Summit Big Idea: Protected Bikeways in the Burbs
For many in the bike movement, Portland has an almost mythical status — earning the distinction of being the closest we’ve come in the United States to a major metropolitan cycling uptopia. But, despite the high ridership rates and progressive planning policies, Portlandia faces the same challenges as the rest of urban America.
“A lot of people, when they come to Portland or read about Portland, they’re only seeing the central city,” says Lisa Frank, a staff advocate for the Portland-based Bicycle Transportation Alliance. “But that’s a tiny, tiny part of our region as a whole. Like the rest of the country, we’ve seen more growth in suburbs than the central city, even with all the tools we have here, like the urban growth boundary. So there’s a huge need to do work in the suburbs.”
Encouraging biking in the ‘burbs is certainly a Big Idea that’s gaining traction nationwide — an idea that we’ll explore more deeply at the National Bike Summit in just a few weeks.
Earlier this month, I spoke with presenter, Ellen Dunham-Jones, the leading expert on Retrofitting Suburbia, who will help us understand how bikes fit into the larger picture. This week, I spoke with Frank, who will share BTA’s campaign to bring protected bike lanes to Tualatin Valley Highway, a major suburban arterial.
How did the campaign get started? Well, in 2013, when the BTA updated its advocacy Blueprint, a number of the priority projects came from Washington County, a suburban area adjacent to the central city. It wasn’t a surprise that Tualatin Valley Highway rose to the top of the “Make Big Streets Safe” category.
“TV Highways runs more than 15 miles through many suburban centers, low-income housing and a huge diversity of different jobs,” Franks explaines. “The road serves as the heart of the county. A lot of it has basic bike lanes and you see some folks riding, but it really popped as an area that needed more time and energy… Basically, if this road doesn’t work for biking, it will never work on a big scale in Washington County.”
And it was already clear that folks in those suburban centers wanted to ride — if conditions were right. “Washington County did its own survey of residents around their views of biking and walking, and a huge portion of residents do bike with some regularity for recreation but not for transportation,” Frank says. “So that showed us that there’s huge demand to use this bike that they like and ride on the weekend for transportation — but there’s not the routes they need to get to their jobs. For that, they need to be on TV Highway. And they considently identified being separated from traffic as something that would help them ride more.”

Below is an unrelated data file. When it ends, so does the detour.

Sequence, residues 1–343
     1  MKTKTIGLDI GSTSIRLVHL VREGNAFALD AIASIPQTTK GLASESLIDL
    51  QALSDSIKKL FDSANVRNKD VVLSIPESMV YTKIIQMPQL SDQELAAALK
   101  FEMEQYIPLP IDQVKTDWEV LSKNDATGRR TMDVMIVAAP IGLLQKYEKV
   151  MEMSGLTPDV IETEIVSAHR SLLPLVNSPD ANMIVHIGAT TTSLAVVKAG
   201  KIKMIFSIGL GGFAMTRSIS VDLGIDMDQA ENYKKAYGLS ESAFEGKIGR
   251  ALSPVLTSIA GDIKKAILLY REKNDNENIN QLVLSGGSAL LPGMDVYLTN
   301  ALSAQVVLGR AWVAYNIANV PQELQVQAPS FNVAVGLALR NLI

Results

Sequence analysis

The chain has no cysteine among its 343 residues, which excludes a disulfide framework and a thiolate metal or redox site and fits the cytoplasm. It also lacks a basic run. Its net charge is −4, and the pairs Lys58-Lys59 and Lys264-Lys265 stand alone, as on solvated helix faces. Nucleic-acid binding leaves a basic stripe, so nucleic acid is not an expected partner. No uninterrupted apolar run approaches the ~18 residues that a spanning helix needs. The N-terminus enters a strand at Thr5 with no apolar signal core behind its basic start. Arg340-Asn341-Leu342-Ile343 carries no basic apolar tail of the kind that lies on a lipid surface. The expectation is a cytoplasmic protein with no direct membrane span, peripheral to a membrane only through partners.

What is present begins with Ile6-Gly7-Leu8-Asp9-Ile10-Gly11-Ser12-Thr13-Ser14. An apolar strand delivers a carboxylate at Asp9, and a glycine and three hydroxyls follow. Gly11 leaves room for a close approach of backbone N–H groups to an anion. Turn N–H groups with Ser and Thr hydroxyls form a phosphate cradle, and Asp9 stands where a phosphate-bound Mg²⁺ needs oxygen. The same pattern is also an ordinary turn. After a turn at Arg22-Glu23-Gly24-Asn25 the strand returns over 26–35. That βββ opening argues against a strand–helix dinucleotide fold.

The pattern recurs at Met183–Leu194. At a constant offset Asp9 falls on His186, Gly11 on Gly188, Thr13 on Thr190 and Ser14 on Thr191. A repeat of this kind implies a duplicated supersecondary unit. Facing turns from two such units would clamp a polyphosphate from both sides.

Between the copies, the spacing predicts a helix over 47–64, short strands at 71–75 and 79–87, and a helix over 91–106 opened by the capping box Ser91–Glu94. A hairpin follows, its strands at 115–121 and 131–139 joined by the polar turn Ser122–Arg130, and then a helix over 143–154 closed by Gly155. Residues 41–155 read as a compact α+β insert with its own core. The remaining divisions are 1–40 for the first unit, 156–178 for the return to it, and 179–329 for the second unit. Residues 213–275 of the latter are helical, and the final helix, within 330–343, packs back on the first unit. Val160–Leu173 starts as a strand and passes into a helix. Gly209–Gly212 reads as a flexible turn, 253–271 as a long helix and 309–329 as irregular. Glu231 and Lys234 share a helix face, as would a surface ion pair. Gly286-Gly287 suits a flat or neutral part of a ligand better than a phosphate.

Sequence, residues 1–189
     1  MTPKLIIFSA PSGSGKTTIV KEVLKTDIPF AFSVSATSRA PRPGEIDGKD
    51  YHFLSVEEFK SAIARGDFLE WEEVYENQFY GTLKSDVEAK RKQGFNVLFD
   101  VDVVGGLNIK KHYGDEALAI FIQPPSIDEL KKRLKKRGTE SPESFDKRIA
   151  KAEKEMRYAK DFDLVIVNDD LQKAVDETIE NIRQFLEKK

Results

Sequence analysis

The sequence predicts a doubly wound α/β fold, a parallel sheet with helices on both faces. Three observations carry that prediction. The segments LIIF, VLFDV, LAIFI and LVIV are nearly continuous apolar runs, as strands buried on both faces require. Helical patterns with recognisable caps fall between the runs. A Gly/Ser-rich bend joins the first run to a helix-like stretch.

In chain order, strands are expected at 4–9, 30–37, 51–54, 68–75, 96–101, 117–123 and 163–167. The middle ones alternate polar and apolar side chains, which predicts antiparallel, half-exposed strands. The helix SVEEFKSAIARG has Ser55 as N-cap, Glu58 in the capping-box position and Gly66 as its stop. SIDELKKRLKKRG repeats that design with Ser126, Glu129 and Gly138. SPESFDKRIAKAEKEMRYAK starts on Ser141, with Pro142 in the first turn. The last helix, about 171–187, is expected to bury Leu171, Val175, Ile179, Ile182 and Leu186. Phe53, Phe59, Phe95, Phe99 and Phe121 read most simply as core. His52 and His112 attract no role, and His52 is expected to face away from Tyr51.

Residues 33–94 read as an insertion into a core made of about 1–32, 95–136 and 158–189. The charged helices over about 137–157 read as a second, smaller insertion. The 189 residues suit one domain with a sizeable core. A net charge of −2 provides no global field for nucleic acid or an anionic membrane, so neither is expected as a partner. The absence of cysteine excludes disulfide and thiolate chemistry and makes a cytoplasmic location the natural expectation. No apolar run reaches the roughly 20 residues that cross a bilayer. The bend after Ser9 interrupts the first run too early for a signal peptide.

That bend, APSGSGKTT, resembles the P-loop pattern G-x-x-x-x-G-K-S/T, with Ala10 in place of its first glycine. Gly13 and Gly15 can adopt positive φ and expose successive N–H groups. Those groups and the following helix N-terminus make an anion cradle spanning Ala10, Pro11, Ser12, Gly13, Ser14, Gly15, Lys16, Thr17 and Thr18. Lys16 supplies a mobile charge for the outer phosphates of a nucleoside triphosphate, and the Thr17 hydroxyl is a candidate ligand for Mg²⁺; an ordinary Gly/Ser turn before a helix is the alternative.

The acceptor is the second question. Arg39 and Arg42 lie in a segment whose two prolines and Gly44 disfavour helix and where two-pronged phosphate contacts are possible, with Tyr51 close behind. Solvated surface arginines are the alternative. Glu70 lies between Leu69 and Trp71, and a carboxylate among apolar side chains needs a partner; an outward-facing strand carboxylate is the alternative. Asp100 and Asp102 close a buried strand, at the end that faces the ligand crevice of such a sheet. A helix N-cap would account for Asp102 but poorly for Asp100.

To make the case for protected bike lanes in the suburbs, though, the BTA couldn’t just tweak a few talking points from its central city advocacy. Over the past year, since she was hired, Frank has been hard at work cultivating new relationships, conducting education efforts and creating messaging that resonates with suburban audiences.
And it’s working.
Thanks to BTA’s efforts, TV Highway isn’t the only arterial identified for improvements in the county’s Transportation System Plan — the county acknlowedged that the vast majority of roads are ripe for quality bike infrastructure, like buffered or protected bike lanes.
“Doing work in the suburb is both really exciting and really necessary,” Frank says. “We’ve had successes we’ve had and lessons learned that we didn’t expect. It’s not just a harder form of urban advocacy — it’s its own type of advocacy.”
Want to learn more about BTA’s push to bring protected bikeways to the suburbs? Register for the National Bike Summit today — click here to learn more and sign up. Early-bird rates expire Jan. 31!